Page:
QCS Photo: Tony Bullocks
Lupita Vargas of Tucumcari signs a memorial put in place to honor Agustin Montiel. Vargas said she is a friend of the family of Montiel, who died in an underground irrigation canal that runs under Charles Avenue.
On the city block adjacent to First Street and Charles Avenue lies a fence enclosing an irrigation canal. Many in Tucumcari now think of it as the place where they came to hope and pray Agustin “Augie” Montiel would survive.
In the place of those people are now flowers and posters remembering Augie, who was found inside the canal nearly 24 hours after first being sucked in by an undercurrent with 15-year-old Gabriel Jones on Thursday night.
Gabriel was rescued nearly an hour later, but Montiel, 12, was not. Less than a week later, Tucumcari is trying to recover from the loss of the Tucumcari Elementary School fifth-grader.
Montiel’s death is being investigated, Tucumcari Police Chief Larry Ham said, and the department is following standard procedure.
While many wait for answers, members of Montiel’s family have questions.
Crestina Rodriquez, Montiel’s sister, feels her brother’s death should be a wake-up call to the city in the emergency services offered and the preventative measures to prevent a future accident.
“My brother’s death can’t be in vain,” Rodriquez said. “My brother hasn’t been the first one in there (the irrigation canal), and he won’t be the last unless we get something changed. We need a dive team, we need someone that can help. We can’t sit here for hours waiting for something to happen.”
The Tucumcari Police Department and the New Mexico State Police stationed in Tucumcari do not have trained divers in their department. Instead, Ham said, the NMSP has divers across the state who are assigned to certain areas in such emergencies.
“If there was a drowning at Conchas (Dam) or Ute (Lake), the same thing would have happened,” Ham said. “It would have taken them three hours (to respond).”
The irrigation canal has two exposed areas in the city. Each has a fence around the area with signs warning about the dangers of swimming. Also, the canals have concrete basins with the words, “Stay Alive by Staying Out” painted on the sides.
Children can still easily get in through the fence, and that concerns Rodriquez.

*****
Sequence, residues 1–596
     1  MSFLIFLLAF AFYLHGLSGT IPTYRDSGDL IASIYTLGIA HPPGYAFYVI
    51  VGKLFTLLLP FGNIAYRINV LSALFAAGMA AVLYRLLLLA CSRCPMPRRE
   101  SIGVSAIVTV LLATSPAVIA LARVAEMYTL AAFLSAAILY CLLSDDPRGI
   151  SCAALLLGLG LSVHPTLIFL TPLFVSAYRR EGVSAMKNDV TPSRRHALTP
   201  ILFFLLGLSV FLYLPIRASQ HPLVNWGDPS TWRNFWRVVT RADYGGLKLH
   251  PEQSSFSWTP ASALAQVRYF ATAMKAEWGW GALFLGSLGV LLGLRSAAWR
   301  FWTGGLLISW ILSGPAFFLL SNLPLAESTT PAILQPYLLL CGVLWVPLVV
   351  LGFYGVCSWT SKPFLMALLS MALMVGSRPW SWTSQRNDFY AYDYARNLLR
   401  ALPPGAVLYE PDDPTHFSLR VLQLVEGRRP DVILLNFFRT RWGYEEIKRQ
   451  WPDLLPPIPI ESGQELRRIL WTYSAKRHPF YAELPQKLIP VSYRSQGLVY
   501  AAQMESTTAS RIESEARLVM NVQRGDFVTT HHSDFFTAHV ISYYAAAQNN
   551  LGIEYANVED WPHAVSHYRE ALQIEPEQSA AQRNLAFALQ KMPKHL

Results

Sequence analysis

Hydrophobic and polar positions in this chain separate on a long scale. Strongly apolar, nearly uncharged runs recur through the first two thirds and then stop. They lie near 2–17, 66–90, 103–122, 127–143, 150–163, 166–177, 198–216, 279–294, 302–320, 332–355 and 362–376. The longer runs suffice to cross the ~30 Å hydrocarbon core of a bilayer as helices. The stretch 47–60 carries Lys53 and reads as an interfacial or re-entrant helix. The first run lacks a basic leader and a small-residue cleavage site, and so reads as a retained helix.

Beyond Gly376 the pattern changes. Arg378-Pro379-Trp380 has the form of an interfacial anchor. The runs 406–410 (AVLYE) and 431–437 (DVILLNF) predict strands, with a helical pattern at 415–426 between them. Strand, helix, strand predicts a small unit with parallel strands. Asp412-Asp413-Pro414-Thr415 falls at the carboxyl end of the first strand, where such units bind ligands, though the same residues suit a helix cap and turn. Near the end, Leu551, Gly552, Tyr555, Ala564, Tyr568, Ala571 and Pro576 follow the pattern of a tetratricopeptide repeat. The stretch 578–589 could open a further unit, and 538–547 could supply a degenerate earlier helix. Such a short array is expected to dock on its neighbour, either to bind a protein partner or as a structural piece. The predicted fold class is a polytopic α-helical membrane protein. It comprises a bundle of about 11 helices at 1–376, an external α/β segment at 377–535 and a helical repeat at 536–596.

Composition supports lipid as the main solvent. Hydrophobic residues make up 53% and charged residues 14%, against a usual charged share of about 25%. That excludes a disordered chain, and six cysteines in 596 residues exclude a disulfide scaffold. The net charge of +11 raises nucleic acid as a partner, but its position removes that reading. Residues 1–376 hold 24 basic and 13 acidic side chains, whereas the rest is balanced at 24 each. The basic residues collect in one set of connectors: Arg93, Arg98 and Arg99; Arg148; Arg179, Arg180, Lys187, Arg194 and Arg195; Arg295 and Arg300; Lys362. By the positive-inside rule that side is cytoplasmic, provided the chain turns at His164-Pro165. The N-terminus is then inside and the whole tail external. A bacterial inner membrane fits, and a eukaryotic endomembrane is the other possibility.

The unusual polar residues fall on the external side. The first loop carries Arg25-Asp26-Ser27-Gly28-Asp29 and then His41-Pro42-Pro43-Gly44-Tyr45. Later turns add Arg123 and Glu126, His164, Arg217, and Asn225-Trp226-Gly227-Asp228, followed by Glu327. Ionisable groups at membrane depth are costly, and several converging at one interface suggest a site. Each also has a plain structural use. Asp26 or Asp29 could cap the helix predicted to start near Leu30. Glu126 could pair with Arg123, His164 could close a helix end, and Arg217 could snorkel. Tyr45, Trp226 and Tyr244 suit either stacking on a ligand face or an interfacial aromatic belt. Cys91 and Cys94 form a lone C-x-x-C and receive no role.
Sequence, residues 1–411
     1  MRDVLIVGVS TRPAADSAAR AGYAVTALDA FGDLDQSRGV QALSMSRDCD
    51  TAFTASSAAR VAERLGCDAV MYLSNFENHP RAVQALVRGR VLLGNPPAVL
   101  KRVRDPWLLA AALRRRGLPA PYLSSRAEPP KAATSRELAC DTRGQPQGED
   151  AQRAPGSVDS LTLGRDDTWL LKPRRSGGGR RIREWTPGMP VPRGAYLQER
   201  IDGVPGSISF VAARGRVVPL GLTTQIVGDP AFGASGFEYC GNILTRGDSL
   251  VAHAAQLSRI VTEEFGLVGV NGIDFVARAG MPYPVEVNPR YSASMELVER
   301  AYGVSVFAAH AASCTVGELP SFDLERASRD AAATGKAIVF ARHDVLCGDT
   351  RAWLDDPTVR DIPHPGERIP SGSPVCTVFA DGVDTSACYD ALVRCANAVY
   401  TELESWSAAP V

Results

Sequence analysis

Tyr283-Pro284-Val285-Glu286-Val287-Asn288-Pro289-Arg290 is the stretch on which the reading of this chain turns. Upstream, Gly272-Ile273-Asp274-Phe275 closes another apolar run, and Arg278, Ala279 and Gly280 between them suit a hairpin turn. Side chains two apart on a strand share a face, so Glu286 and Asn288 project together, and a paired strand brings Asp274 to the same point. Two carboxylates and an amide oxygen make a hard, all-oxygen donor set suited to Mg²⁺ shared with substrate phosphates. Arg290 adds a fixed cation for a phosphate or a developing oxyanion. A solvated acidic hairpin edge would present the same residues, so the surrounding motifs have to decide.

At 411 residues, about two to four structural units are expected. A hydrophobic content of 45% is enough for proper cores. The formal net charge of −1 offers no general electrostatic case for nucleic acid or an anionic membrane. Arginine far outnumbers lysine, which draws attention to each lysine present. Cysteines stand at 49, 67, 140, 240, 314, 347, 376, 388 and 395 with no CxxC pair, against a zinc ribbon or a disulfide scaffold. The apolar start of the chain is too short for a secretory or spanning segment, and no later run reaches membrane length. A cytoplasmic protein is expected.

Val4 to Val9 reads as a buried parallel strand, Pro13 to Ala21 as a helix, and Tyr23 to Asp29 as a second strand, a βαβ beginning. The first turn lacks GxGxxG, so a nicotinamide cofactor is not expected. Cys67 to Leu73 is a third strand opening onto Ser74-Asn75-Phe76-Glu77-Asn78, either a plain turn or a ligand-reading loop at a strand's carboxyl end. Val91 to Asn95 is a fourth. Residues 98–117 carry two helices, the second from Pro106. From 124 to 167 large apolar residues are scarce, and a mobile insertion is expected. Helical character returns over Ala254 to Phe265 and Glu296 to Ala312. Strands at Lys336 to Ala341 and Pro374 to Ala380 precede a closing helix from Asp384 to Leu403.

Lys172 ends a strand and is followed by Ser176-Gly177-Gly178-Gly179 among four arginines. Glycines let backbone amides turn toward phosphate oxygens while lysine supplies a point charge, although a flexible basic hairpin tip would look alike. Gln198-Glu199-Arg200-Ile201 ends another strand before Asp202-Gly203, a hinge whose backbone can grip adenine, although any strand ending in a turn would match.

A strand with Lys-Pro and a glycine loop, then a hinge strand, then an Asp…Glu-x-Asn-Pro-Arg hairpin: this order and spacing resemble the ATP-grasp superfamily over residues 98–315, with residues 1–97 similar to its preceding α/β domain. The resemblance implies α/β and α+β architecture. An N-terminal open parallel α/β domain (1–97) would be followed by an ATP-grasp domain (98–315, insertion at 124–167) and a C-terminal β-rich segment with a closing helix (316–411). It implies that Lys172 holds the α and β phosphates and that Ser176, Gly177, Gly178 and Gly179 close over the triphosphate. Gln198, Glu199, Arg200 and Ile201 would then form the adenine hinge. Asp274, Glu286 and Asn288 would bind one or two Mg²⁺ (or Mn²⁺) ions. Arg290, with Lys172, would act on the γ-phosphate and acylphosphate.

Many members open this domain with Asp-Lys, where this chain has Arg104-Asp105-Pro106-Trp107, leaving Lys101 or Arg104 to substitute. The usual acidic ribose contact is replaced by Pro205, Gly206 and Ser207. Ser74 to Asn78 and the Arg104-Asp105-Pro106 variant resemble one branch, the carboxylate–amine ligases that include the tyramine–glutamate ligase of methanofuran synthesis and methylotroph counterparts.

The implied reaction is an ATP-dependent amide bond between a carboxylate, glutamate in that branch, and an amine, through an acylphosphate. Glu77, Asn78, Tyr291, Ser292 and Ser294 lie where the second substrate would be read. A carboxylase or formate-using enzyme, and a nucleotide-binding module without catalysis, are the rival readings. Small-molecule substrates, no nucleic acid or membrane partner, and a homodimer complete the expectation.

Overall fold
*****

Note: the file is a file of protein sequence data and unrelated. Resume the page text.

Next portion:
“It wasn’t secure enough,” Rodriquez said. “We had plenty of community members (at the scene), but none of them were trained. We need more help there. I can’t stress that enough.”
Tucumcari Mayor Mary Mayfield said there was nothing on the agenda of Thursday’s City Commission meeting regarding the incident, but she expects commissioners will have something to say in the commissioner items portion of the meeting.
“We’re all so concerned. Anytime we lose a life in Tucumcari, we’re devastated for the whole community. One young man was saved. I’m sorry both of them couldn’t have been.”
Along with the flowers and posters, Mayfield said a good complement would be additional warnings.
Ham said he understands the concerns, but feels the canal has adequate warning.
“At this point, I would say there is adequate fencing and signage,’ Ham said. “Perhaps some community education may be appropriate. As far as doing anything to the canal, I think the only thing they’d be able to do is enclose the entire canal (within city limits) ... and that would be extremely expensive.”
Throughout the ordeal, local counselors have been on the call in case family members or friends need them. A.C. Chavarria, the operations officer for TeamBuilders in Tucumcari, said his office is working with Mesa Counseling in the city and has other counselors on standby in various TeamBuilders offices across the state.
“There were a lot of people affected,” Chavarria said. “For a lot of them, it may take time to process. I’m sure there will be some more people that need help, and I’ll be there.”
In addition to many family, friends and onlookers, the scene Thursday night and Friday morning also included counselors letting people know help was available. Chavarria said he didn’t even have to ask his counselors in many cases.
“People just step up and say, ‘I want to help,’” Chavarria said. “It’s really nice to see a community come together.”